In one embodiment, the mandrel coating 135 of the swivel assembly 100 of FIG. 3 is pre-stressed by pre-heating the swivel mandrel 102 to a specific temperature. The coating 135 is then applied to the mandrel 102. After the coating 135 has solidified, the mandrel 102 and coating 135 are allowed to cool. This places the coating in compression.

The temperature of the pre-heating of the coating 135 may be chosen either such that the coating 135 always remains below its tensile failure limit, or the coating 135 reaches no more than zero compression at the pressure that it is expected to experience during the pumping of desired substances through the swivel assembly 100.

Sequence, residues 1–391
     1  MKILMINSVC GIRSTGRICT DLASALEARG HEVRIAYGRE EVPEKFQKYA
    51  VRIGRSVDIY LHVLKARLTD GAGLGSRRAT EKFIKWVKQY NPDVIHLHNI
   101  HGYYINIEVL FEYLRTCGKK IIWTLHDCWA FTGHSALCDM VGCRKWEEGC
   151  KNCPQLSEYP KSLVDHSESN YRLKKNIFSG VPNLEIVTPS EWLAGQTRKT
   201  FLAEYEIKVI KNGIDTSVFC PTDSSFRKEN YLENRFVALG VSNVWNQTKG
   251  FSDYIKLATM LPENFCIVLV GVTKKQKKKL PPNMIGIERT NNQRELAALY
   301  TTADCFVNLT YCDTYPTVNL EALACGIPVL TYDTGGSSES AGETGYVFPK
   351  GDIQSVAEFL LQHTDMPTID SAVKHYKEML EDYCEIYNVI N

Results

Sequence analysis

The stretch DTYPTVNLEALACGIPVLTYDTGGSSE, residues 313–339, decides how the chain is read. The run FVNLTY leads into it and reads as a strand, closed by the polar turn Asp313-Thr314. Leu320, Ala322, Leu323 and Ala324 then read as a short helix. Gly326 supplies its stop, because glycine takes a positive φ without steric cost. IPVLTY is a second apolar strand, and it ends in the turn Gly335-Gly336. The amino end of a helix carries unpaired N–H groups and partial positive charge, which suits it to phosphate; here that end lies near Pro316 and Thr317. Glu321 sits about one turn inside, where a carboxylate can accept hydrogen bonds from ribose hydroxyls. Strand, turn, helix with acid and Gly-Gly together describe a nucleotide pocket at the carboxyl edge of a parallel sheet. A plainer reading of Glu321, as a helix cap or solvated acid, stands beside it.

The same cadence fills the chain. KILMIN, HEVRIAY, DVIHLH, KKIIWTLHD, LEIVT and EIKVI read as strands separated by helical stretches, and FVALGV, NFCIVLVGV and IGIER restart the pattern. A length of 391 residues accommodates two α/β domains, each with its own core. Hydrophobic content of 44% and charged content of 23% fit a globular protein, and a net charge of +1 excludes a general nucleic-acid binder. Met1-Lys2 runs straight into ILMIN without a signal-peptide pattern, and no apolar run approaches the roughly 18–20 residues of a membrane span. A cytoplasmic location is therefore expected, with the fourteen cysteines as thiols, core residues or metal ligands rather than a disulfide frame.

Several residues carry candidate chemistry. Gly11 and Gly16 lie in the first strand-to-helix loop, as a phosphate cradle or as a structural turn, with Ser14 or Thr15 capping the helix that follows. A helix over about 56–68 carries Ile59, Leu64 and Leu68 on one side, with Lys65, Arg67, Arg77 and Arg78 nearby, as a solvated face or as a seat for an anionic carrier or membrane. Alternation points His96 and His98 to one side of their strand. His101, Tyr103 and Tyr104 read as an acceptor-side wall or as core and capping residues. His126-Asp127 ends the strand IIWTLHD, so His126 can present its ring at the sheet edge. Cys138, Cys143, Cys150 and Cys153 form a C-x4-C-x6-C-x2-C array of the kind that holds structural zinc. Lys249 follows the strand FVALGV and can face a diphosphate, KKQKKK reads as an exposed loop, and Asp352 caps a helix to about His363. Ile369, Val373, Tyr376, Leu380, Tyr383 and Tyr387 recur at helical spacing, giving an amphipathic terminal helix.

In one embodiment, the coating 135 is chosen, such that its coefficient of thermal expansion is similar to that of the mandrel 102. This allows the coating 135 and the mandrel 102 to expand at similar rates during use of the swivel assembly 100, so that added stress on the coating 135 (which occurs in situations where the coefficients of thermal expansion of the coating and mandrel are very different) is avoided. Also, in one embodiment the coating 135 is composed of a single, homogeneous matrix. Such a matrix increases the wear life of the mandrel 102 to which the coating 135 is applied.